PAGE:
Wednesday, September 5, 2007

Pirate Weapons

I see a lot of mis-information on the Internet about the weapons pirates used. Several sites confidently say that they preferred the blunderbuss and had little use for the musket.

The blunderbuss is a short-barreled shotgun, The bell-like muzzle makes reloading faster. Without that, you would have to get out a funnel or risk losing some of your shot. The bell does not affect the spread of the shot. The short barrel does that and the bell is flared out further than the shot spreads.

A blunderbuss was a short-range weapon only. You can't aim it very well because of the bell and the shot loses momentum due to air resistance much faster than a musket ball would. You used these to fire at an individual or, even better, a group at point blank range. This was most useful when you were about to board a ship or were about to be boarded.

But, not all pirate combat was boarding. Until you were alongside an opponent you needed something with a longer range than a blunderbuss. That's where the musket came in. You could shoot the opposing crew at distances up to 150 yards (although at that range you were trusting to luck to hit anything).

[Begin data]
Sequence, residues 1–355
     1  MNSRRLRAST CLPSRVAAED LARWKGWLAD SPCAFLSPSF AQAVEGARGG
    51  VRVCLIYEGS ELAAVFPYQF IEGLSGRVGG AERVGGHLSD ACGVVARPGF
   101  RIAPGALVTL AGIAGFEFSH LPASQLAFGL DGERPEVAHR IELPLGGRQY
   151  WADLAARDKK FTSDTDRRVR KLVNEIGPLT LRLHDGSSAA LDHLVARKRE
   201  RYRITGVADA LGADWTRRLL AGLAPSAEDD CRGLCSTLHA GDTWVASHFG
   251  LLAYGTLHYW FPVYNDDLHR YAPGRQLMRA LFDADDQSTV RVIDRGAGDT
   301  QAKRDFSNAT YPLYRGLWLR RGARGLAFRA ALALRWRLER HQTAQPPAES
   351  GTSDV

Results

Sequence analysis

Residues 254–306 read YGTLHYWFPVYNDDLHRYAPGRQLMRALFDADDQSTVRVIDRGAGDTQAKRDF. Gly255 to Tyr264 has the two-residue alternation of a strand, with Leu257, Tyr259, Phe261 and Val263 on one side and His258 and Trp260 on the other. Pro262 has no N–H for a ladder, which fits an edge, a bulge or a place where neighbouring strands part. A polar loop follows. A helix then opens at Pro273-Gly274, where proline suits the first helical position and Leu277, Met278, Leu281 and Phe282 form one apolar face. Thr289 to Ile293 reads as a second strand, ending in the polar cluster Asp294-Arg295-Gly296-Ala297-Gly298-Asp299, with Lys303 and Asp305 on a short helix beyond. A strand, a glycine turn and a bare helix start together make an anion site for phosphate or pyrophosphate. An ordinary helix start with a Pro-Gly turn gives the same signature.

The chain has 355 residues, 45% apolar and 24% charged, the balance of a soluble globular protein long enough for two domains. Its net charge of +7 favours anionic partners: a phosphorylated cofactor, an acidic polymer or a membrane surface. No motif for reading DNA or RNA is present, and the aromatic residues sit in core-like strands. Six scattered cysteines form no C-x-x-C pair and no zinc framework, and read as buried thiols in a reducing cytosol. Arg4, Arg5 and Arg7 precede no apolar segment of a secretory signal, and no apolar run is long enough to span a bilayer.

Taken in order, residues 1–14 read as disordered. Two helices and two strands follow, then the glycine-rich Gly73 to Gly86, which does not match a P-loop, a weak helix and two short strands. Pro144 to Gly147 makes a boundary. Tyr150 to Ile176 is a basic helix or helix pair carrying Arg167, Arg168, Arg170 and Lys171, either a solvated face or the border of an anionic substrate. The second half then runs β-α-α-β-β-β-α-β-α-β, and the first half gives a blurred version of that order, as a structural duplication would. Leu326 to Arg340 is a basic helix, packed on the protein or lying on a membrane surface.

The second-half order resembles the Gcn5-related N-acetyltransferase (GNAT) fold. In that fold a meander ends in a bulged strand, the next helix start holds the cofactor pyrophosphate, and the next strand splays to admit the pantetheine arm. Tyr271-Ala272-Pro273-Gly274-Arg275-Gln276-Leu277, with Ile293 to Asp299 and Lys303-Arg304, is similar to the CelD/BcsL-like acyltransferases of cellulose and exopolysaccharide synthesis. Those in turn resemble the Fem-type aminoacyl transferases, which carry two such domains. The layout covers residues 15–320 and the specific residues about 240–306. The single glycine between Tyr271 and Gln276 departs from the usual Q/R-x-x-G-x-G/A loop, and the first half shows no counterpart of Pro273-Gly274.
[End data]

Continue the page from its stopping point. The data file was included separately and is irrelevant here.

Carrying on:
There are accounts of pirates taking on large ships, using nothing but muskets and dug-out canoes. And winning.

During Morgan's time, most of the big raids were land assaults. These would approximate regular military combat where shotguns were never used. There is little justification for anything but muskets here.

I will note that rifles were known and could be useful but most rifles were expensive sporting weapons. Military commanders preferred rate of fire to accuracy of fire (soldiers seldom aim anyway).

On a related note, I was looking at boarding axes over the weekend. I saw two extremes. One was basically a light tomahawk with a delicate handle and a spike on the reverse side. The other was fairly massive - two feet long with a handle that could be used one-handed or two-handed.

I see the first style pictured pretty often on pirate sites. These aren't always as small as the one I saw but they are one-handed weapons. On the other hand, period woodcuts show a much more formidable weapon. Based on that, I went with the two foot one.

I was gratified later in the weekend to see some justification. We went to see Pirates III (again) and I noticed a couple of axes similar to the one I bought. While this is not the most accurate movie possible, they did a lot of research on their weapons. I would not use this as justification but it shows that someone else reached the same conclusion that I did.

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